Policy on Alcohol & Illegal Drugs
Cooper Union has a strong commitment to a healthy and safe environment for all members of the college community. As a professional school, The Cooper Union has historically attracted students who are serious about academic and artistic achievement and who have understood how substance addictions undermine academic performance.
It is the policy of Cooper Union that the unlawful use, possession, sale, distribution, or manufacture of controlled substances and alcohol on university property or at university sponsored programs and activities are prohibited. Even though possession or consumption may otherwise be lawful, alcohol, except in limited circumstances, is not permitted on Cooper property or at Cooper sponsored programs and activities.
This policy applies to each member of the Cooper Union community inclduding students, faculty, and staff, as well as to contractors, vendors, licensees, invitees and visitors, and is in compliance with the Drug-Free Workplace Act and the Drug-Free Schools and Communities Act.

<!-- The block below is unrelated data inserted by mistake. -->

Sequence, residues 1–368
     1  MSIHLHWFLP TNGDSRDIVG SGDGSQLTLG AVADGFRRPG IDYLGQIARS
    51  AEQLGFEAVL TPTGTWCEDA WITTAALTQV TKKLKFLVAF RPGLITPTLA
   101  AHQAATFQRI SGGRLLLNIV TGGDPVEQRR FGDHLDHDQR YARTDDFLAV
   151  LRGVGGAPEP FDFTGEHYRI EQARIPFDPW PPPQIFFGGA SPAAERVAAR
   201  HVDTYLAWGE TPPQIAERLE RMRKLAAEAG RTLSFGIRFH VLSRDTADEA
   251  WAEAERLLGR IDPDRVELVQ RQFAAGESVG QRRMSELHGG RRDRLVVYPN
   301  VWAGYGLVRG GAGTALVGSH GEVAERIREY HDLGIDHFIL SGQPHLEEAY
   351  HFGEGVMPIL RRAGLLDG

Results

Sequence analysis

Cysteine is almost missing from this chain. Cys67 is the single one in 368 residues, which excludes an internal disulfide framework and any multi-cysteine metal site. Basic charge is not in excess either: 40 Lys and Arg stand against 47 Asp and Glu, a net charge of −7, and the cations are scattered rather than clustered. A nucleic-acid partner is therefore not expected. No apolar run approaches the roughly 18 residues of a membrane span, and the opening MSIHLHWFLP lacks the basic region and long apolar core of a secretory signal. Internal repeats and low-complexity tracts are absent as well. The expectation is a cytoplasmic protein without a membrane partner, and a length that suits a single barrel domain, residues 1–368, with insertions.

The Cooper Union strictly adheres to all local, state, and federal laws relating to the use or illegal manufacture of drugs and alcohol on its premises or at any college-sponsored event. Students who violate Cooper Union’s policies will be subject to disciplinary actions under the Code of Conduct.
The most immediate consequence of substance abuse at The Cooper Union is often a dismal academic performance, leading to academic dismissal. Long-term consequences of substance abuse can include major health problems, lowered employment prospects, and even an early demise.
Loss of a student to substance abuse not only blights the prospects of that individual to have a fulfilling career, but also deprives the community at The Cooper Union of that individual’s unique talents and contributions. To avoid such a loss, the institution is committed to providing assistance to students with substance abuse problems through appropriate education and referral.
New York State Law Regarding Alcohol
New York State has very strict laws about alcohol. Section 65 of the Alcohol Beverage Control Law states:
No person shall sell, deliver or give away or cause or permit or procure to be sold, delivered or given away any alcoholic beverages to:
- Any person, actually or apparently, under the age of twenty-one years;
- Any visibly intoxicated person;
- Any habitual drunkard known to be such to the person authorized to dispense any alcoholic beverages.
New York State imposes liability on any person who serves alcohol illegally to a minor. This means if someone serves a minor alcohol, the person serving the alcohol can be sued for damages by anyone harmed by that minor, including the parents or family of the minor if the minor himself or herself suffers harm.